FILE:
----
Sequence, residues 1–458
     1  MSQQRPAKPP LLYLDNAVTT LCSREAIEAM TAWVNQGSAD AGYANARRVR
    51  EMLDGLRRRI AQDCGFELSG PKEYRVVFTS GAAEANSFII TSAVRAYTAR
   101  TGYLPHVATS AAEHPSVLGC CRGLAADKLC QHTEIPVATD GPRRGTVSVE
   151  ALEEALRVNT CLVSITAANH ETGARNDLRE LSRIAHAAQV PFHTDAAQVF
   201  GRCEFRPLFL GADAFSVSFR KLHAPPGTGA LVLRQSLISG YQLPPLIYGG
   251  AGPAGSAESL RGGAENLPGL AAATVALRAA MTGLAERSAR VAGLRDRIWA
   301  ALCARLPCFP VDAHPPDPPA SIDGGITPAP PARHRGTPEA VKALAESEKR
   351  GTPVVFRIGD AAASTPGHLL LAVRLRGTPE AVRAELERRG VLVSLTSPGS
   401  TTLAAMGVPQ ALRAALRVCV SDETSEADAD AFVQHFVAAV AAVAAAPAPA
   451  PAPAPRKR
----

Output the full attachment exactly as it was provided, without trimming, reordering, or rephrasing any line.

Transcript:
Sequence, residues 1–458
     1  MSQQRPAKPP LLYLDNAVTT LCSREAIEAM TAWVNQGSAD AGYANARRVR
    51  EMLDGLRRRI AQDCGFELSG PKEYRVVFTS GAAEANSFII TSAVRAYTAR
   101  TGYLPHVATS AAEHPSVLGC CRGLAADKLC QHTEIPVATD GPRRGTVSVE
   151  ALEEALRVNT CLVSITAANH ETGARNDLRE LSRIAHAAQV PFHTDAAQVF
   201  GRCEFRPLFL GADAFSVSFR KLHAPPGTGA LVLRQSLISG YQLPPLIYGG
   251  AGPAGSAESL RGGAENLPGL AAATVALRAA MTGLAERSAR VAGLRDRIWA
   301  ALCARLPCFP VDAHPPDPPA SIDGGITPAP PARHRGTPEA VKALAESEKR
   351  GTPVVFRIGD AAASTPGHLL LAVRLRGTPE AVRAELERRG VLVSLTSPGS
   401  TTLAAMGVPQ ALRAALRVCV SDETSEADAD AFVQHFVAAV AAVAAAPAPA
   451  PAPAPRKR